9th Abingdon Air & Country Show



Anniversary Strips
Click to Enlarge

The Fly In
Click to Enlarge

After a long winter and spring period, the air show circuit gets back under way on the first May Bank Holiday of the year at Abingdon and Old Warden. Abingdon's show is very much a well balanced show with a large country fair as the backdrop to an impressive fly in and flying display. As ever though, the show had to contend with typical unpredictable British weather which did it's best to try and spoil the show. Paul Johnson/Flightline UK reports. All photography copyright of the Author.

The Abingdon Air & Country Show has been held in the aid of charity ever since it started as the Abingdon Fayre in 2000. Ever since then, the show has gained quite a reputation for putting on well received events. 2008 saw the ninth event in the series and was held in aid of the Thames Valley & Chiltern Air Ambulence Trust.

Things didn't get off to the best of starts. The week before saw some glorious weather but the Bank Holiday weekend forecast was typically depressing with the day of the event seeing the worst of it. Despite being fairly gloomy all day, the heaviest rain did hold off throughout the day despite the odd light shower. Then, at the last minute the show's commentator was taken ill and couldn't attend leaving the show with no commentary. The stand in was plucked from the ranks of volunteers at the show and was completely unprepared. I don't want to be negative on Abingdon but a good airshow commentary really makes a show and it's perhaps a lesson learnt for the future - have a backup plan!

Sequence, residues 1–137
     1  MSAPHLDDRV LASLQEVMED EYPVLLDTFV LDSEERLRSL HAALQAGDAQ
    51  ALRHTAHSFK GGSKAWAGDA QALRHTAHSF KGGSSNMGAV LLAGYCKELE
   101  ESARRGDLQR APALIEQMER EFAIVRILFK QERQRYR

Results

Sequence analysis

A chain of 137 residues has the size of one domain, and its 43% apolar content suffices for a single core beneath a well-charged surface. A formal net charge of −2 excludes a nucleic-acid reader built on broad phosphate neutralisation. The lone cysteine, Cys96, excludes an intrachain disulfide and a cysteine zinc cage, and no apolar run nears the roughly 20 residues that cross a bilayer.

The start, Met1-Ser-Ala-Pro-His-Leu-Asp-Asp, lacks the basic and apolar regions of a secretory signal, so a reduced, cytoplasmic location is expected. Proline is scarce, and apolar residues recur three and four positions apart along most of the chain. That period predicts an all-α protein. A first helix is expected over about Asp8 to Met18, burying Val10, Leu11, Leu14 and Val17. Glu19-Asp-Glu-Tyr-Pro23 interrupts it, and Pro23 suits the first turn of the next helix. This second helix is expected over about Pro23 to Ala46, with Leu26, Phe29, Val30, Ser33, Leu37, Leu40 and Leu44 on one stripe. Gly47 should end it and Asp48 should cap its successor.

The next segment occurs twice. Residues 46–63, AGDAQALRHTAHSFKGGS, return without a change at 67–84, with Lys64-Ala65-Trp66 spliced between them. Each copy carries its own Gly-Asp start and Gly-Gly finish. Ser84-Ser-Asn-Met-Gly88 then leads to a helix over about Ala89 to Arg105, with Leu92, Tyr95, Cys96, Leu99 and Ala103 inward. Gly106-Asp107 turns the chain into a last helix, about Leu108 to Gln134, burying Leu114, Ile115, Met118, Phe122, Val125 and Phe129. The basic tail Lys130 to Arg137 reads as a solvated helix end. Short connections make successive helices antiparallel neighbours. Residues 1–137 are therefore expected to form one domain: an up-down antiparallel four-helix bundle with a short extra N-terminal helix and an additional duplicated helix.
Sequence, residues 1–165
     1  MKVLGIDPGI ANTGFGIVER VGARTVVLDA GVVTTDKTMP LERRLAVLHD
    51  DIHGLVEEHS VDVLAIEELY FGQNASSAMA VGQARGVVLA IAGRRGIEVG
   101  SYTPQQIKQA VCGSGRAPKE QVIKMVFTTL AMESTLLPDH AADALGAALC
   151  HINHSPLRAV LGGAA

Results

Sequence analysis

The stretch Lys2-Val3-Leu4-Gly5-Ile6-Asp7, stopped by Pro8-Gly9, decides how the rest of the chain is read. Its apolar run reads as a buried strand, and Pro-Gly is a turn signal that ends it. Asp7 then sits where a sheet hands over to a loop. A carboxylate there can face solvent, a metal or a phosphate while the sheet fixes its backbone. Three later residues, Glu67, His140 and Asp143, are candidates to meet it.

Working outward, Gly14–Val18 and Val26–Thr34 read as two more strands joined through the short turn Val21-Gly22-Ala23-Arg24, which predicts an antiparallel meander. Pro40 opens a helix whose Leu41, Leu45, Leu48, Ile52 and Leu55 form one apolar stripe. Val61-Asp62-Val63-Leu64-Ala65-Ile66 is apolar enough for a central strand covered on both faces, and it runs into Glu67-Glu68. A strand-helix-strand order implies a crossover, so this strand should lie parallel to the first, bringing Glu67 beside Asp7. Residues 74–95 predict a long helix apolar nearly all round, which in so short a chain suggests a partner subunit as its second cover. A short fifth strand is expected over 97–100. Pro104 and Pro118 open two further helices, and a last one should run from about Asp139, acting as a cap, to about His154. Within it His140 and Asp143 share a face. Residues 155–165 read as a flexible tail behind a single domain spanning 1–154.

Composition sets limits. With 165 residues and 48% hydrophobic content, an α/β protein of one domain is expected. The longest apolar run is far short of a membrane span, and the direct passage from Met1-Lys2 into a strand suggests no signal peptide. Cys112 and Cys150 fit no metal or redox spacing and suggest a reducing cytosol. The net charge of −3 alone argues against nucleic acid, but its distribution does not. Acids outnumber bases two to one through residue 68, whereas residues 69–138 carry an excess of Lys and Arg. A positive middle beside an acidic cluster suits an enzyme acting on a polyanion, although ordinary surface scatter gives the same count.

Early season unservicability also cost Abingdon a couple of star acts. The DC-6 required an engine change after a newly installed engine started producing a little too much metal in the oil and was waiting for hanger space.The RAF's Chinook suffered engine problems en route to the show on Sunday morning forcing the crew to abandon their first appearance of the year which was frustrating for everyone concerned.

The dreary weather did force a number of pilots to rethink their plans to join the fly-in at Abingdon and numbers were noticably down. Even the RAF struggled - No 33 Squadron were unable to supply a Puma due to lack of crews and Benson was closed for the weekend. A final effort by the Merlin crews eventually got a Merlin HC3 to Abingdon on Friday and it's participation was well recieved. Next to the Merlin was a 208(R) Squadron Hawk T1 wearing the new display colours for 2008 season highlighting the 90th Anniversary of the RAF.